What to Expect: Michigan
Indiana is back on the road on Thursday for a meeting with Michigan at the Crisler Center. The Wolverines are 13-7 overall and 3-4 in Big Ten play.
The game will be broadcast at 9 p.m. ET on ESPN2 with Rece Davis and Jim Calhoun on the call:
Is Indiana ready to turn a corner? The Hoosiers have won three straight games for the first time since December. And despite being ravaged by injuries, Indiana played one of its better games of the season on Saturday against Michigan State. The Hoosiers dominated the Spartans for about 25 minutes before holding on late for their fourth league win.
But winning on the road is a different animal altogether.
Indiana still has seven Big Ten road games remaining and five of them (Michigan, Northwestern, Minnesota, Iowa and Ohio State) will have a major say in where Indiana finishes in the conference standings. What stands out about those five? Ken Pomeroy’s model gives the Hoosiers a 40 percent or better chance of winning in each of those games.
The Hoosiers can probably squeak into the NCAA tournament if they win out at home and win just one more road game. But if Indiana wants to really beef up its resume, the Hoosiers need double digit conference wins. That means winning a few more away from the friendly confines of Assembly Hall.
Thursday’s tilt in Ann Arbor looks to be a golden opportunity, at least on paper.
Michigan has two home losses this season (Virginia Tech and Maryland) and has several narrow wins. Among them: Texas by 3, Furman by 6, Penn State by 3 and Nebraska by 6. Indiana’s last three trips to the Crisler Center have resulted in a one-point win (2013), a four-point loss (2014) and a 13-point win (2016). Indiana has always played well against Michigan under Tom Crean.
This is a critical game for both programs. Michigan is at a bit of a crossroads with a losing record in league play and several difficult road trips remaining. And Indiana has a date with surging Northwestern on Sunday following Thursday night’s tilt in Ann Arbor.
MEET THE WOLVERINES
Michigan had an impressive start to the season. The Wolverines won their first four games, including neutral court contests against Marquette and SMU in New York. Since then, Michigan is just 9-7 and every win has come at home.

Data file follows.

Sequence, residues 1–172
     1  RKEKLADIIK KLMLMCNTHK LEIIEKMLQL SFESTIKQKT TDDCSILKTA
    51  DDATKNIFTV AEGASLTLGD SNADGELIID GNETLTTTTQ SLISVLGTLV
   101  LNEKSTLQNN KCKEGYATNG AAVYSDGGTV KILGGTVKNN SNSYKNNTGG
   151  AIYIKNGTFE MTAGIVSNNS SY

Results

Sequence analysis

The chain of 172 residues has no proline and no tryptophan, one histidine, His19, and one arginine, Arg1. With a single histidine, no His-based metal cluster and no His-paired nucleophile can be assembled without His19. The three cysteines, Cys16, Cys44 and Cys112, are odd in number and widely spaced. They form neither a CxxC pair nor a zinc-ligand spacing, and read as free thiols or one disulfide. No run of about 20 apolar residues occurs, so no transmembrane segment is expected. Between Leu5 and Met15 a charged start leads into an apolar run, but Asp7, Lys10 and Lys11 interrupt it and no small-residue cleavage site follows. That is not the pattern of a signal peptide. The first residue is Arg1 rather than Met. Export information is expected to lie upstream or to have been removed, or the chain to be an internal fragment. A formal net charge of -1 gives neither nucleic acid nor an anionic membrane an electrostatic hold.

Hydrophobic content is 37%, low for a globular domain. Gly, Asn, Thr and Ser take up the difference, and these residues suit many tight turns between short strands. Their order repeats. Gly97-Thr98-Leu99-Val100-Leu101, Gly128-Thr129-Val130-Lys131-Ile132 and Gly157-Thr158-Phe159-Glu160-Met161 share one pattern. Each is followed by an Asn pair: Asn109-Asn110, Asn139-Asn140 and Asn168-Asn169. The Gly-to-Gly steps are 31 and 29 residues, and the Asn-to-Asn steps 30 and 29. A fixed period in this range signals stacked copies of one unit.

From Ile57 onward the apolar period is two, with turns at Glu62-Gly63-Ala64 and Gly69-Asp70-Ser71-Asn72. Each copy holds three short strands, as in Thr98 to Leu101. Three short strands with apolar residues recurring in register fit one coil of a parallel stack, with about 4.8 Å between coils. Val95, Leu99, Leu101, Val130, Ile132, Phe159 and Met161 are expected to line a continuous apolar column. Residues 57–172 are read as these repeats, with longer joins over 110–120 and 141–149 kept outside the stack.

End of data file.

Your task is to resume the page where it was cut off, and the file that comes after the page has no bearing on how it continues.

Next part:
Despite the underwhelming play over its last 16 games, Michigan is one of the nation’s most talented offensive teams.
The Wolverines are balanced with four players averaging in double figures. Senior wing Zak Irvin is the team’s leading scorer at 14.5 per game. Michigan runs much of its offense through Irvin, but his efficiency in league games hasn’t been great. He’s a respectable 51.4 percent on 2s in Big Ten games, but just 25 percent on 3s. His assist rate (19.1 percent) is 18th in conference play.
Joining Irvin as one of Michigan’s key cogs is senior point guard Derrick Walton. The 6-foot-1 guard has battled injuries the past two seasons, but has played in all 20 games this season. Walton is hitting 44 percent of his 3s in Big Ten games and is averaging 12.6 points per game overall. He’s also the best Wolverine in terms of getting fouled. Walton’s free throw rate (FTA/FGA) is 41.3 percent in league play and he’s hitting close to 90 percent from the line on the season.
It’s been a difficult season for junior guard Muhammad-Ali Abdur-Rahkman. His shooting numbers are down across the board, but he’s been a little bit better in league play. Abdur-Rahkman is hitting 45.5 percent of his 3s (5-of-11) and 46.9 percent on 2s in Big Ten play. For the season, he’s averaging 7.8 points per game.